RSS

Category Archives: Chronic Pain

This is what I look like sometimes

I just took this pic of myself about 30-minutes ago. It’s hard for me to imagine how this pic might look to you, whether you know me personally or not – maybe nothing looks amiss at all. But, to me, this pic is a visual message of how my nerve disease, CRPS, shows up for me sometimes, like today. I can see my illness, exhaustion, and poor state of health today in my face – largely in my eyes. Our eyes are the window to the soul, as the saying goes.

I just watched a 2016 documentary called Gleason, which tells the story about former NFL player Steve Gleason’s diagnosis, progression, and life with ALS. It is an extraordinarily well-done film and I would highly recommend it. After watching it, I was inspired to take this pic of myself and post it here, as a way of highlighting that this is what I look like sometimes. Some days I am bed ridden. Some days I’d rather have the energy and ability to be outside enjoying the sunshine, like today, but I don’t. Some days my pain levels are higher than my mental capacity to physically rally myself – though it is rare for me, anymore, to experience a day when my pain levels are higher than my mental capacity to spiritually and emotionally rally myself.

Physically my body may be weak and sore today. But in learning the art of resting (yes, it is an art for sure), I am able to do so much awesome and amazing stuff in my life, during the days that I am afforded more energy and better health.

The documentary showcased for me the possible benefits and power of sharing our story, which is something I still struggle with, personally. As a writer and a mindfulness practitioner, I am still uncertain as to whether documenting and getting involved in advocacy work is the direction that speaks to me, in regards to being someone who lives with chronic pain and illness. What is clear to me, is the importance of showing and sharing about all the sides of ourselves. To be authentically who we are, in our own skin. So on that note, this pic is what I look like sometimes.

Things that are helpful for me to keep in mind:

  • No one totally is as they appear.
  • We’re all human – we all have our challenges and heartaches and strife.
  • We all judge books by their cover – and we’re all always wrong about our assessment.
 

Tags: , , , , , , , , , , , , , , ,

Most People Wouldn’t Know

dscn4393

Most People Wouldn’t Know

Most people wouldn’t know,
until I broke out my cane,
that I live with chronic pain in my legs and feet.

Most people wouldn’t know
how I have to delicately ration my time
between activity and rest,
if I am to function in all the ways they see me.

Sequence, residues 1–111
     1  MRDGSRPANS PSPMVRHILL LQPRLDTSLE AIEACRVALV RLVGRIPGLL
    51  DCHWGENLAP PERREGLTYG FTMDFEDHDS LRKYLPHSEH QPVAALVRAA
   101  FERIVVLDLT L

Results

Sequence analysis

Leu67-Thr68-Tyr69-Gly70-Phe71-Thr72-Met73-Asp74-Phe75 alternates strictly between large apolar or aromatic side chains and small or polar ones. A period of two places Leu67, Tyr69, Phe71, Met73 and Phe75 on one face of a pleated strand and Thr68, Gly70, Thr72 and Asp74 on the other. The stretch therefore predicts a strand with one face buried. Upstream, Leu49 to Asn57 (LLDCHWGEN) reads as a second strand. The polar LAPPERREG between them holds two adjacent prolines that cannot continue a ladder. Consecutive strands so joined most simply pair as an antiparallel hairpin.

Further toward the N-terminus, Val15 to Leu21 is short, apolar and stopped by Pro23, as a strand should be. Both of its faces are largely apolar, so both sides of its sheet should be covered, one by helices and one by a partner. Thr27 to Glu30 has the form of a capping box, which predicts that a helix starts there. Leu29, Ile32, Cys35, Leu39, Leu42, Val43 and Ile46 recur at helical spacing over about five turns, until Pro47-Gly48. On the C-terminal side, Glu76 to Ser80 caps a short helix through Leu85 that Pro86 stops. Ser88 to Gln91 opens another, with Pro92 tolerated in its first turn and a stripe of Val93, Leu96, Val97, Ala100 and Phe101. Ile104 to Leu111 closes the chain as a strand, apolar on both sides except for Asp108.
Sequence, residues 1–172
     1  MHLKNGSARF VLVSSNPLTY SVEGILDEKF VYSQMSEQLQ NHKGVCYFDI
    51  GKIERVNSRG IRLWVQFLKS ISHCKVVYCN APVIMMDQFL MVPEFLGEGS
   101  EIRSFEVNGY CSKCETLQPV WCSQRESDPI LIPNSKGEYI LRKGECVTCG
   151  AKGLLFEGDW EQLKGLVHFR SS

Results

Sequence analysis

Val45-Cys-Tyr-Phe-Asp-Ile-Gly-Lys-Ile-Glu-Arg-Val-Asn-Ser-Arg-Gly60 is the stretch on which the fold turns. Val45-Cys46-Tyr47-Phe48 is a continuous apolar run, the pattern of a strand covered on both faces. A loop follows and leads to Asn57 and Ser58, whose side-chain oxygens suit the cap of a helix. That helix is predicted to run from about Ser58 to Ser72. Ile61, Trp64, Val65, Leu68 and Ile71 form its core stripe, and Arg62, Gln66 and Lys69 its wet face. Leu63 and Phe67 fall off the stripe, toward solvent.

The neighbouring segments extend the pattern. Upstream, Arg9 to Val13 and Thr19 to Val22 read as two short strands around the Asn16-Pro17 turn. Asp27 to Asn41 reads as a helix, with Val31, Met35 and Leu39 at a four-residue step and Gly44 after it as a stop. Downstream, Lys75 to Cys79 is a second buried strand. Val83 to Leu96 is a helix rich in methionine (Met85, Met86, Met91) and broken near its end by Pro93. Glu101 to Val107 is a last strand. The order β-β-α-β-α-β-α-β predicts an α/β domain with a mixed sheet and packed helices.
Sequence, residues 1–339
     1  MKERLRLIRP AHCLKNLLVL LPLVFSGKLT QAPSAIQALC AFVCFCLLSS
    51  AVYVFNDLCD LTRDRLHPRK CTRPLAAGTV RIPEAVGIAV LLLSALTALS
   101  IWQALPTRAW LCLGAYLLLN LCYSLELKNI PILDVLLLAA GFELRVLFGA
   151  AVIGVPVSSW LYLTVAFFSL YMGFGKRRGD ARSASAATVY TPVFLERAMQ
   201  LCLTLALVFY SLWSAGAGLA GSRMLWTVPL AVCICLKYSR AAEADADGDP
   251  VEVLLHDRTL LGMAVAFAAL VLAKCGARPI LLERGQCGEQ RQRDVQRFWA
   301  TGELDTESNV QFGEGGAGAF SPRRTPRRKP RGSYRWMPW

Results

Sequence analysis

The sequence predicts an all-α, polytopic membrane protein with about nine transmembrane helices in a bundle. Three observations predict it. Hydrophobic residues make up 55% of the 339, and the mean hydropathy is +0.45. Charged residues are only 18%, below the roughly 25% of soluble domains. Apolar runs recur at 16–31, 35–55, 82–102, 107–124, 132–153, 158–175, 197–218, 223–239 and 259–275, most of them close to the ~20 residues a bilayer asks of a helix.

Most people wouldn’t know
that I’m unable to wiggle my toes,
due to atrophy,
or that some days I am unable to get out of bed.

My situation is no different than anyone else’s.
For we can never know just what is going on for someone.
Loss, grief, loneliness, anxiety, shame, anger, mental illness,
all are invisible to the naked eye –
except, when they’re not.

Most people wouldn’t know,
unless I told them,
that I don’t want them to be sorry for me,
because I’m not sorry for myself,
not anymore.

Most people wouldn’t know
all of the invaluable lessons
my pain has taught me.
Forcing me, at first kicking and screaming,
to learn how to take good care of myself,
so that I would in turn be able to take
good care of others.

 
 

Tags: , , , , ,

On Resting

Civp1xiUoAAl9pP.jpg_large       (from Buddha Doodles by Molly Hahn)

This morning, on my writer’s facebook page I posted this:

Sometimes, I have to remind myself
about the extent of my human nature.
My vast tendency to tire,
to grow weary,
to sink into foggy states of clarity.

Sometimes, I have to remind myself
about the extent of my human potential.
My ability to begin anew,
to grow steady and strong,
to thrive into brilliant states of awakening.
To rest and revive once again.

 

Read the rest of this entry »

 

Tags: , , , , , , , , , ,

The Art of Pain Management

tumblr_lvpkabbZdg1r66w8uo1_500

A couple of months ago I was talking to a sangha friend of mine about the nature of physical pain.  Knowing that I’ve been focusing diligently on the cultivation of joy over the last few years and that I’ve experienced a great deal of physical pain in relation to my chronic illnesses he asked me specifically what I did to deal with pain and how to cultivate joy in the midst of it.  As I see this as a common struggle (knowing how to deal with ongoing physical pain, limitation, and illness) I thought I’d take to writing about it, as that often helps me to better understand things for myself as well.